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March 30, 2010

Al Kaltman

This is one of many books I’ve picked up over the years but hadn’t gotten around to reading. A deceptively easy read, this one’s packaged in bite-sized portions so I found myself able to pick it up and put it down, and still finish the entire book over the weekend.
The sub-title is “Leadership Lessons from General Ulysses S. Grant”. The book offers 250 lessons, a page to each. Each page begins with a brief preamble to set the stage, then offers an excerpt from General Grant’s memoirs (themselves published after his death in 1885), and concludes with the summary lesson, placed in a modern times context.
My copy of the book is covered with yellow highlighter, not something I do habitually, and an indicator of keen interest on my part. As I worked my way through the book, I found myself often staring into space, relating what I read to my own experience. For me, that’s the sign of a good read. If I can put a book down and declare that I come away with just one good idea, it’s been a worthwhile investment of my time. Anything more than that is a bonus. In truth, there’s nothing truly earth shattering in what I read, but it’s an excellent ‘back to basics’ refresher, set on an historic stage, and with a fascinating, larger-than-life character front and centre.
Bottom line is that, depending on your mood and your circumstances, this book may offer you both an enjoyable read and contextual value as you consider real-life situations. I recommend it heartily. Here are 50 snippets that set me to thinking. All of these are direct quotations from the book. The italics are from Grant’s own memoirs (another reading assignment for me to get to sometime soon), linked here.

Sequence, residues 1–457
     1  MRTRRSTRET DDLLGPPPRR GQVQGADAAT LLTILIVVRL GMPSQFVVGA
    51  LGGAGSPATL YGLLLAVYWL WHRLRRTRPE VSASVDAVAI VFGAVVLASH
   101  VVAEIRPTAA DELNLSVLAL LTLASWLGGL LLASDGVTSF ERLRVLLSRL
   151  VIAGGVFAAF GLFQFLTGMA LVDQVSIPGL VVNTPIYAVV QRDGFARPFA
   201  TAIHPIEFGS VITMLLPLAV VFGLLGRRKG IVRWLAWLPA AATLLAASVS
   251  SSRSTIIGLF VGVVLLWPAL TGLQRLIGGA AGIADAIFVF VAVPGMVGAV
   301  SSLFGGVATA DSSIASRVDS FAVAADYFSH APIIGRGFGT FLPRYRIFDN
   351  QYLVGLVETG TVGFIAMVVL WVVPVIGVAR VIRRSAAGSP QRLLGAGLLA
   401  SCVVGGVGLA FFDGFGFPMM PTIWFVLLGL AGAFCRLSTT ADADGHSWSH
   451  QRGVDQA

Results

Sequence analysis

1. … it didn’t matter what he or his parents thought his name was, the official application said his name was “Ulysses S.” and that application could not be changed. If Hiram U. Grant wanted to attend West Point, he would have to change his name… The Lesson: Bureaucrats will blindly obey whatever set of rules they are instructed to follow even if this leads them to take completely illogical or patently nonsensical actions.
  2. … you can’t bargain effectively… by laying your cards face up on the table.
  3. My exploit was equal to that of the soldier who boasted that he had cut off the leg of one of the enemy. When asked why he did not cut off his head, he replied: Someone had done that before.”
  4. … first, that things are seen plainer after the events have occurred; second, that the most confident critics are generally those who know the least about the matter criticized.
  5. Your real focus should be on effectiveness, not style.
  6. Without meaningful work, life stinks.
  7. A bad reputation is difficult, if not impossible, to shake.
  8. … take a deep breath and press on.
  9. No one likes to work in an environment where there are no rules and anything goes. Your people need and want structure, and they will respect you for providing it.
  10. Wherever possible, treat errors and mistakes as opportunities for additional training rather than as offenses requiring punishment.
  11. You are always better off to operate shorthanded, with unfilled positions, than you are to retain poor or unreliable performers.
  12. For the good of your organization, family and friends should not receive special treatment.
  13. Avoid premature celebrations… Manage important projects as if you were running downhill in front of an avalanche…
  14. … two commanders on the same field are always one too many.